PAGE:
A Health Plan Prescription for Health Information Technology

Published on: 
Supplements and Featured Publications, Special Issue: Health Information Technology — Guest Editors: Sachin H. Jain, MD, MBA; and David B, Volume 16,

Using their own technology, health plans can provide valuable data and capabilities to move adoption of health information technology systems forward.

The economic stimulus law of 2009 included incentive payments to encourage providers and hospitals to adopt and "meaningfully use" electronic health records. One resource was excluded from these regulations: patient data from the patient's health insurer, although health insurance companies tie together multiple sectors of the healthcare industry in a single patient-centered data form known as the claims history. They also have considerable experience with information technology (IT). As a result, they are uniquely positioned to move adoption of health IT systems forward. Health plan technologies should be included in the meaningful-use requirements. The result will be additional functionality, which in the end will improve quality, lower costs, and improve individual health.

(Am J Manag Care. 2010;16(12 Spec No.):SP29-SP30)

The healthcare industry has been slow to adopt technology to disseminate information. Our banks can alert us when we have a low balance in our checking accounts, but the majority of our physicians would be hard pressed to alert us when a blood test is due. Healthcare is one of the last remaining industries where paper records are the norm, often resulting in uncoordinated, unusable, and inefficient information.

Prescriptions still are written with pen and paper. Many providers, from physicians to hospitals to pharmacies, have electronic billing systems, but even so we print and mail hundreds of millions of paper checks for payment. The vast majority of doctors do not use an electronic health record (EHR). For the providers who do use EHRs, their systems are usually electronic silos of information, unconnected to other important stakeholders.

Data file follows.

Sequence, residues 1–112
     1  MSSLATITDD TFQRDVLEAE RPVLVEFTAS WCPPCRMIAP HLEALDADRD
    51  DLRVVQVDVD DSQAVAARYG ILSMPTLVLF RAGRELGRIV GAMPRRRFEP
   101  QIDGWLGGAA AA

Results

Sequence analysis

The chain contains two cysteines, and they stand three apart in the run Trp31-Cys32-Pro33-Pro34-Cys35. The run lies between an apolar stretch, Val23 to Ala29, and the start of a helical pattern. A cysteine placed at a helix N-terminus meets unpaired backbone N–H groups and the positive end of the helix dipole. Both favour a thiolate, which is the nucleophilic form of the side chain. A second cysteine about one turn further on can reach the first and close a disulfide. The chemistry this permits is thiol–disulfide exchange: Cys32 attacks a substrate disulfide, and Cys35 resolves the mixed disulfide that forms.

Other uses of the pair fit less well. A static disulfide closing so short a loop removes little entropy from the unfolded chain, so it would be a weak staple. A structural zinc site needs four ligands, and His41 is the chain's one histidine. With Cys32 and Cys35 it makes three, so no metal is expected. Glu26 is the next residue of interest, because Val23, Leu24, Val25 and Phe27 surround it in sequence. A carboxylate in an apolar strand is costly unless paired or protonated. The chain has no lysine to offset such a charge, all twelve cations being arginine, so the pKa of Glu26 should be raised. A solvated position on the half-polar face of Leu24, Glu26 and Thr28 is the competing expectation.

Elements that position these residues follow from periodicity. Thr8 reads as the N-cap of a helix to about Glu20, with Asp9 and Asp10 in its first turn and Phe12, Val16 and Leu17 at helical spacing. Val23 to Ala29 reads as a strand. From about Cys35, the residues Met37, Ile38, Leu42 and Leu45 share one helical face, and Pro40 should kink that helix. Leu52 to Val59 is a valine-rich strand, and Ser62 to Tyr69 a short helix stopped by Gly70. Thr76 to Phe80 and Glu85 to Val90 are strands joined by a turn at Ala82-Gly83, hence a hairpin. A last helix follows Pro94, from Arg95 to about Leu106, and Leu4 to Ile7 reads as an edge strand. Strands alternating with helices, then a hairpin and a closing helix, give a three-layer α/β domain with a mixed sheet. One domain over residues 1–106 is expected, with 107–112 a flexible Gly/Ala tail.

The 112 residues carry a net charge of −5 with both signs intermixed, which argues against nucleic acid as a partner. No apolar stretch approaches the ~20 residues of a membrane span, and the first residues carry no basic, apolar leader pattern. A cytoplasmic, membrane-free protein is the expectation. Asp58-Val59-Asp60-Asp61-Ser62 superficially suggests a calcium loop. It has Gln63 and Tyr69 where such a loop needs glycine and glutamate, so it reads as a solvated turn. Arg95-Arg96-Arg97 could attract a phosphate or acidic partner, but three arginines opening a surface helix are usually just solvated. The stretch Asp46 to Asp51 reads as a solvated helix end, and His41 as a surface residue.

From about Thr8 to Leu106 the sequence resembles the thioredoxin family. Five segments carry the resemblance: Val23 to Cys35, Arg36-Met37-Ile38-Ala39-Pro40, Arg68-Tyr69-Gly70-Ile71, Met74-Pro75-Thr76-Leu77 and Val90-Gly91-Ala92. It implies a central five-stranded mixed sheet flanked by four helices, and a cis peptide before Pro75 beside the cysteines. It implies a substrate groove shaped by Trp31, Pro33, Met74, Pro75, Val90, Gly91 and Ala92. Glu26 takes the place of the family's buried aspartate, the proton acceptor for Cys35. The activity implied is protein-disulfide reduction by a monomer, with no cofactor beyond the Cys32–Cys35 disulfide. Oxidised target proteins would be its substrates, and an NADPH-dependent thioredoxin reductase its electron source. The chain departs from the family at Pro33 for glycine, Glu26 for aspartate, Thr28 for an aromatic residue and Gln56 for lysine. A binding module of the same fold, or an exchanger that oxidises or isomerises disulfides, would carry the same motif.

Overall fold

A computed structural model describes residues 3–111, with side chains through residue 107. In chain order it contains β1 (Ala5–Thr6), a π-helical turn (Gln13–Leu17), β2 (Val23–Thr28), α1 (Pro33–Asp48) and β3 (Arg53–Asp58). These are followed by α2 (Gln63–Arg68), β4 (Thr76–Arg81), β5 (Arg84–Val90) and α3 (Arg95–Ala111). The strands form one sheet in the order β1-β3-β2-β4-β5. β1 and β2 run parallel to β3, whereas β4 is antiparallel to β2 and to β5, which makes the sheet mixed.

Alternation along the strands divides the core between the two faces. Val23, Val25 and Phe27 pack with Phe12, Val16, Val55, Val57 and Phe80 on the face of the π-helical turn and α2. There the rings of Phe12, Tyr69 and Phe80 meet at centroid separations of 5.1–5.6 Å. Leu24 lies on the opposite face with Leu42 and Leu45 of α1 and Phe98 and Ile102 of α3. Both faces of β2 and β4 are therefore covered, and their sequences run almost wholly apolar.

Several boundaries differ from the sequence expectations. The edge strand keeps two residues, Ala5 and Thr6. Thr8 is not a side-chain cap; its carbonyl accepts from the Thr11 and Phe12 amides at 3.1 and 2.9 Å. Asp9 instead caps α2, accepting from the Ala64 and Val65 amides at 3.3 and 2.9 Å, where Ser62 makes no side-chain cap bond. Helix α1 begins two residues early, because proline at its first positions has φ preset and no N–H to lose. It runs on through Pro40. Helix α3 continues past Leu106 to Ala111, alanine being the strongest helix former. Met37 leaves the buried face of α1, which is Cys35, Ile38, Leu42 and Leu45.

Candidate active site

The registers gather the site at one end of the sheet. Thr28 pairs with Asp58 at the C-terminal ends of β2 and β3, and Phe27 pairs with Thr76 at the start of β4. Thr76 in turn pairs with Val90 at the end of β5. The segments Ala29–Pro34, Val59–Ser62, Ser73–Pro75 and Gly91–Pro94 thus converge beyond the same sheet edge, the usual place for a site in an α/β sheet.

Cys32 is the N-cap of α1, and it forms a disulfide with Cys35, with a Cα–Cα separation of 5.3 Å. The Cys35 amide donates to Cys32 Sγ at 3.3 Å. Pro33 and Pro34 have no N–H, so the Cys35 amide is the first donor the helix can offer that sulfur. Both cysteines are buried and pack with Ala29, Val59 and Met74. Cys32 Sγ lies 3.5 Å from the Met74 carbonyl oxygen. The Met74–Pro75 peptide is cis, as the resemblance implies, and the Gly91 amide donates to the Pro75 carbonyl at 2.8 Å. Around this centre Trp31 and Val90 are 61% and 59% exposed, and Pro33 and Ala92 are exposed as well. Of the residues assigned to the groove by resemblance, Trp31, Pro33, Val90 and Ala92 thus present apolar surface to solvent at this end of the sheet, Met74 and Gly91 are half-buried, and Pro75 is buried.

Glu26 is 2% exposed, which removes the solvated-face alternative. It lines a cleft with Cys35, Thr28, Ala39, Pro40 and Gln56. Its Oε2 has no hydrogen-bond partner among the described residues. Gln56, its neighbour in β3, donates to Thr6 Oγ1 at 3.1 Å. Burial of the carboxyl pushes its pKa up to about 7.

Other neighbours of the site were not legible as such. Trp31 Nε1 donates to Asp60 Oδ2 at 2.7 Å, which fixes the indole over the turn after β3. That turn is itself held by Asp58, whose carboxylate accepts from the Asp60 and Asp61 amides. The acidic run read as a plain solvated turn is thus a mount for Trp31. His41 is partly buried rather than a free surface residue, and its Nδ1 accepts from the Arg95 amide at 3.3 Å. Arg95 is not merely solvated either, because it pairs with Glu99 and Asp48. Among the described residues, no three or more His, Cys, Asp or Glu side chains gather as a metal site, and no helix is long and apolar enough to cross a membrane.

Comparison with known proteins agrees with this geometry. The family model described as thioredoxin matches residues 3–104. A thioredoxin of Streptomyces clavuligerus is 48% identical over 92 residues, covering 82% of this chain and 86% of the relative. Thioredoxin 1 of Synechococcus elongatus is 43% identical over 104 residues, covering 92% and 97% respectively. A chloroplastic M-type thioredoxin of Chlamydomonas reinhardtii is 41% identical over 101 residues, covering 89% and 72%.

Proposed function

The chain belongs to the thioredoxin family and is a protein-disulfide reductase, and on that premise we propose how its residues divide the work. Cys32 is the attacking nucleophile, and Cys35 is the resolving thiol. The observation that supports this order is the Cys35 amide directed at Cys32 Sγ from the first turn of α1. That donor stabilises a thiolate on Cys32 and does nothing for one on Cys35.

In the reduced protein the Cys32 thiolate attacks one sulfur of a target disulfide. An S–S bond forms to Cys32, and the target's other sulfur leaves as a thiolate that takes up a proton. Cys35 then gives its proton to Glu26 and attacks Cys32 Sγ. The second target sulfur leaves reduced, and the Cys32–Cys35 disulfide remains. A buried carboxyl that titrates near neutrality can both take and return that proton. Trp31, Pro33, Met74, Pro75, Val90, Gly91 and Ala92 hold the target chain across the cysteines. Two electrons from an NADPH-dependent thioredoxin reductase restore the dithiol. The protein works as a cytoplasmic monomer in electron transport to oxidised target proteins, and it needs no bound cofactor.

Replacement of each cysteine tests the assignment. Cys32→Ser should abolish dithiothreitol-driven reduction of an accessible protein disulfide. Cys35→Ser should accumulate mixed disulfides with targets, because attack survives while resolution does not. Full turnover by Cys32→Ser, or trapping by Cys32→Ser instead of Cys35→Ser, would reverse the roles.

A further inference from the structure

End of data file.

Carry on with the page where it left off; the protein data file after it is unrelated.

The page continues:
These problems—and many others—have kept healthcare shackled to the past. But the recent debate over how to reform our health system to deliver better care at lower cost has brought these issues to the forefront. One critical part of the solution is to create a meaningful patient-centric medical record. As the introduction to the recent book Paper Kills 2.0 points out, the benefits are clear:

Updated, accurate, and comprehensive patient information at the point of care will prevent medical errors and will allow physicians, nurses, and providers to make better, more informed decisions. Electronic access to information will reduce duplicative and unnecessary tests and treatments. Automating cumbersome, manual processes will streamline workflow, eliminate inefficiencies, and lower costs. These are facts.1


The economic stimulus law of 2009 and the recently passed health reform legislation provide a road map to how patient care and patient information need to be integrated, protected, disseminated, and made available to patients and providers to enable a more efficient model for healthcare delivery. The economic stimulus includes tens of billions of dollars in incentive payments to encourage providers and hospitals to adopt and “meaningfully use” EHRs. The incentives can be sizable: up to $64,000 per physician or millions of dollars per hospital. The initial requirements for obtaining these payments, from using certified technology to specific clinical functions, are overly prescriptive and bureaucratic (symptomatic of the overall laws themselves), but they do begin to address the critical priority of creating an electronic record that follows patients no matter where they go in the health system.

One resource was excluded from these regulations: patient data from the patient’s health insurer. Insurers are the only members of the healthcare continuum that really know where any given patient receives all of his or her care. Meaningfuluse requirements focus on the important goal of furthering the adoption and use of clinical information technology (IT) systems, but they omit the valuable data and capabilities that health plans can provide using their own technology.

Just as Web sites such as Amazon and eBay have multiple retailers in a single location, the health plan ties together multiple sectors of the healthcare industry in a single patient-centered data form known as claims history. Test results, images, a record of procedures performed, prescription drug histories, disease management programs, demographic information, and many other vital pieces of patient data put health insurance companies in a unique position to bring healthcare into the 21st century.